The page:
New York Times Gets Serious About Christianity -- to Attack Trump

It's no secret that Donald Trump is no choir boy. Twice divorced and remarried to mistresses, the philandering swindler has tried to use eminent domain to steal property from widows, and drew attention early in this cycle by mocking former prisoners of war and disabled reporters. Nevertheless, he seems to know just the right things to say to American evangelicals.

At the same time, the New York Times is no deep theological rag. As The Federalist's Mollie Hemingway has pointed out numerous times, the paper proves surprisingly illiterate about matters of Christianity. No, Jesus isn't buried in a tomb. No, Easter is not about Jesus' ascension into heaven. No, the book of Romans doesn't call for the execution of gay people.

But on Tuesday, the paper published an article which oozes a fundamental understanding of Christianity. In "The Theology of Donald Trump," Peter Wehner of the Ethics and Public Policy Center points out the fundamental reason why Christians should have trouble supporting such a man: his fundamental values are more Nietzschean than Christian. It is rather ironic that this article dropped on the same day Hillary Clinton got away with breaking the law and putting national security at risk, but I digress.

Trump admires strength more than humility, power more than sacrifice, achievement in himself more than reliance on God. This ironically makes him a fitting contrast to Jesus Christ -- a man The Donald once essentially described as an egomaniac. In his speech to evangelicals last month, Trump emphasized power more than anything else.

"And I say to you folks, because you have such power, such influence. Unfortunately the government has weeded it away from you pretty strongly. But you're going to get it back. Remember this: if you ever add up, the men and women here are the most important, powerful lobbyists. You're more powerful," Trump declared. "Because you have men and women, you probably have something like 75, 80 percent of the country believing. But you don't use your power. You don't use your power."

There are so many problems with this, it's laughable. Not only is there not one Christian church which can excerise "power" in the way Trump describes, but Christianity and the Church aren't about power -- they are about surrendering it. As Wehner write in the Times, Christians follow Jesus, who declared, "Blessed are the poor in spirit," "Blessed are the meek," and who emphasized, "My strength is made perfect in weakness."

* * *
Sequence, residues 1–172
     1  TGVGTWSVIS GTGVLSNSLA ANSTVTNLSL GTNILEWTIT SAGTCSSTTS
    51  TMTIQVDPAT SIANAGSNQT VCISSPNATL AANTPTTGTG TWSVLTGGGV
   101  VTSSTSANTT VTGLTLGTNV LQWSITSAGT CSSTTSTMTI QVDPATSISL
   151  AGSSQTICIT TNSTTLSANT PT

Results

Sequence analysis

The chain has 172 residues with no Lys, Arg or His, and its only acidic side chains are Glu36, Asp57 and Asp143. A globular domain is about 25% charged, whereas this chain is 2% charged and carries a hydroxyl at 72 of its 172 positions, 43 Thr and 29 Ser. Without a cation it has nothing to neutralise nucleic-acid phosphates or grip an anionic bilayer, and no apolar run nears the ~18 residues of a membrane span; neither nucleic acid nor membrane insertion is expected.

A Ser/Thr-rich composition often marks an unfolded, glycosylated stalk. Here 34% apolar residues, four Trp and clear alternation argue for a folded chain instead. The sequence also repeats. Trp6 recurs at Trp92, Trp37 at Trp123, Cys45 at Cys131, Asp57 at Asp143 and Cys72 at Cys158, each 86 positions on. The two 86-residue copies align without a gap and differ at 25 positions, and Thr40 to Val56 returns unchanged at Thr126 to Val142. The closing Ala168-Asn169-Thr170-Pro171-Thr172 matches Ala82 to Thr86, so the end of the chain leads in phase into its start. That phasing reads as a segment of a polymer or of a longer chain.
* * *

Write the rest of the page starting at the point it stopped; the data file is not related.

Wehner knows his Bible, and he knows that Jesus was not about power, but about sacrifice, forgiveness, and love. After all, this is a savior who was humiliated and crucified by the powerful -- and is worshipped FOR DYING and later rising from the dead. Jesus never held political power, he never told the Jews to revolt against their oppressors, and he explicitly said, "My kingdom is not of this world." You don't get much more of a "loser" -- in Trump's estimation -- than that.

But there are even better reasons to doubt Trump's identity as a Christian. The Donald has testified, on numerous occasions, that he does not remember asking God for forgiveness for his sins. Jesus constantly taught repentance, and even told his followers to pray to God, saying "forgive us our sins." Trump cannot even remember praying The Lord's Prayer sincerely once -- and that should cast huge asperions on whether Trump is a true believer.

If Trump doesn't really believe in the values of Jesus Christ, what values does he believe in? Wehner has a deep theological answer for that, as well (emphasis added).

To better understand Mr. Trump's approach to life, ethics and politics, we should not look to Christ but to Friedrich Nietzsche, who was repulsed by Christianity and Christ. "What is good?" Nietzsche asks in "The Anti-Christ": "Whatever augments the feeling of power, the will to power, power itself in man. What is evil? Whatever springs from weakness. What is happiness? The feeling that power increases - that resistance is overcome."

Whether or not he has read a word of Nietzsche (I'm guessing not), Mr. Trump embodies a Nietzschean morality rather than a Christian one. It is characterized by indifference to objective truth (there are no facts, only interpretations), the repudiation of Christian concern for the poor and the weak, and disdain for the powerless. It celebrates the “Übermensch,” or Superman, who rejects Christian Morality in favor of his own. For Nietzsche, strength was intrinsically good and weakness was intrinsically bad. So, too, for Donald Trump.

Next Page: Why many Christians still back Trump. Did he really just get baptized?!